When seeking treatment for anxiety, there can be an overwhelming number of options to choose from. For some, simple daily tricks like breathing, exercise, eating well, or practicing meditation can go a long way. For others, counseling and therapy is extremely helpful. For some others, prescription medication might be the best option. Ultimately, it’s important to speak to a mental health professional to determine the best route of recovery.
However, it can also be helpful to have a basic understanding of the types of treatments and prescriptions out there. One prescription that is being used increasingly to treat anxiety is called gabapentin (or GBP). Here’s what you need to know about it.
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Gabapentin’s Initial Development
Gabapentin (also known by its name brand of Neurontin) was approved by the FDA in 1993 for treatment of seizures and nerve ending pain after shingles. It is widely known to be an anticonvulsant or anti-epileptic drug. However, gabapentin is also often prescribed for many other health concerns that aren’t listed on its label including fibromyalgia, chronic pain, bipolar disorder, alcohol withdrawal, and migraines. It has also been successfully used to treat anxiety.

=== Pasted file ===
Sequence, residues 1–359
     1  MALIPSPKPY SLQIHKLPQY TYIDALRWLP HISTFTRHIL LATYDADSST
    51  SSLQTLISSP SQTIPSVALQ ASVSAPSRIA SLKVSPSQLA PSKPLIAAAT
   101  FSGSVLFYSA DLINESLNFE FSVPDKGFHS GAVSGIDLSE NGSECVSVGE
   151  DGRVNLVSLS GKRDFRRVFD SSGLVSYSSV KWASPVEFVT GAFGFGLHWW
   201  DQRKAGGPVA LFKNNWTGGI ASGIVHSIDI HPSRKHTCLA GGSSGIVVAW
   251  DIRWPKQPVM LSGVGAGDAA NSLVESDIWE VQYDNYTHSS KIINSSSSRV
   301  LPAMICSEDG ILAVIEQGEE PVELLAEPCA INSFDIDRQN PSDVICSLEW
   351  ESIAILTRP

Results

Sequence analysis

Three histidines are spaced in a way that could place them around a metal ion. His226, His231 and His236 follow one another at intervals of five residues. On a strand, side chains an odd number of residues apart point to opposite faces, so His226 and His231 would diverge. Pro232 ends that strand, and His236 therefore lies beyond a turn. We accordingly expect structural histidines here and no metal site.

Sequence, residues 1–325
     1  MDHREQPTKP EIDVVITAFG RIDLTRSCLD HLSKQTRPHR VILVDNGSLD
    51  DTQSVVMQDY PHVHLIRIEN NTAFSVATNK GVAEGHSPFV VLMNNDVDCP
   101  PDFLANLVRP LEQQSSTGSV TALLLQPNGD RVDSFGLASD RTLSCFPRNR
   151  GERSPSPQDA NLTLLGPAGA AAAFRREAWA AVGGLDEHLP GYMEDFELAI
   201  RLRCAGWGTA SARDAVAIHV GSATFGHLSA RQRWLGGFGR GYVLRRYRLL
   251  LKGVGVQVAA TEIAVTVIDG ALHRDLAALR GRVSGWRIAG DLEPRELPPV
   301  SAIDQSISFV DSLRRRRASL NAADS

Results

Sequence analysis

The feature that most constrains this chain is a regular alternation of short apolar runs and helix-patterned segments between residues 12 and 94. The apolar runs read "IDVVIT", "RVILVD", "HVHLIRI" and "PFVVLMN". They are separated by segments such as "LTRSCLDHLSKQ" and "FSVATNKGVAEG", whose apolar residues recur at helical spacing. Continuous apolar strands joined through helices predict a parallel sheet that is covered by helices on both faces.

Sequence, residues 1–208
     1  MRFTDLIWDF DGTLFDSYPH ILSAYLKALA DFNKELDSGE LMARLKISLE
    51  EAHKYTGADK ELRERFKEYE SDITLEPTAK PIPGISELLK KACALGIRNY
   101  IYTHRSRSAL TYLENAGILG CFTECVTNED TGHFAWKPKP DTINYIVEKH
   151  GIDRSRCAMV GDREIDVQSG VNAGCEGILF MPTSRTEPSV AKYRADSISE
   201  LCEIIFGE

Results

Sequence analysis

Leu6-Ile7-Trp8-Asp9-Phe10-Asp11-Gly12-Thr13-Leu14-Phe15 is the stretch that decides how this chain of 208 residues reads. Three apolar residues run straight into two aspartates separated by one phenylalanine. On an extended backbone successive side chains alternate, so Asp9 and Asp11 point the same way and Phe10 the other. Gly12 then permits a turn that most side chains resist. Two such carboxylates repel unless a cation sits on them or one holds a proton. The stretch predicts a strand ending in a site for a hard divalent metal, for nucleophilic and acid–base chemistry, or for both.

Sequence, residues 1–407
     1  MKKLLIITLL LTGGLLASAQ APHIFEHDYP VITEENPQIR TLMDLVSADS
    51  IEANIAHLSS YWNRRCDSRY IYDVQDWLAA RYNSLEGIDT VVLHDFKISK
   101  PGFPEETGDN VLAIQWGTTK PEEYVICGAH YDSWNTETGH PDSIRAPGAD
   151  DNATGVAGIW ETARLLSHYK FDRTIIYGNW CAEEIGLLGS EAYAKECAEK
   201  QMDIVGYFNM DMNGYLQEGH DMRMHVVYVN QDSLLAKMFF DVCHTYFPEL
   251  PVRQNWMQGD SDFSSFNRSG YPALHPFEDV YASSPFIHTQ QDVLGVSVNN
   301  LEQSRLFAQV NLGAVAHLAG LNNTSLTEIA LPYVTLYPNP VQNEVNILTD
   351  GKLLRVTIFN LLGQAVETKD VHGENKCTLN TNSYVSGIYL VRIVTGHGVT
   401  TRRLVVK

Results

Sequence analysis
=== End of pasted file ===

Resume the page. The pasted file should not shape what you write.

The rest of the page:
The use of gabapentin for anxiety treatment has been researched since the 1990s. For example, in 1999, one study showed that its use decreased symptoms of social phobia significantly. The 14-week study showed researchers that social anxiety levels dropped among those taking the gabapentin compared to the placebo. Social anxiety levels were interpreted by physician evaluations and patient rating scales.
Throughout the 2000s, other studies showed that gabapentin helped decrease symptoms of panic disorders, nervousness due to public speaking, pre-surgery anxiety and anxiousness resulting from taking anti-retrovirals to treat HIV.
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However, research is still certainly limited when it comes to the use of gabapentin for anxiety treatment even though many doctors prescribe it. One doctor suggests that it “has a great side effect profile, it causes no drug-drug interactions, it isn’t addictive, and most clinicians…have seen robust anxiolytic responses with their own eyes.”
Of course it’s important to remember that all prescriptions come with side effects. Some of gabapentin’s for those over the age of 12 include:
- Mood swings
- Hyperactive behavior
- Disordered thinking
How to Decide
With this information in mind, it’s ultimately important to speak to a medical professional about what treatment options are best for your teen. Everyone’s experience with anxiety is unique and their treatment options are unique as a result. Every prescription drug will have some risks associated with them but, when prescribed correctly, can also have positive outcomes too.
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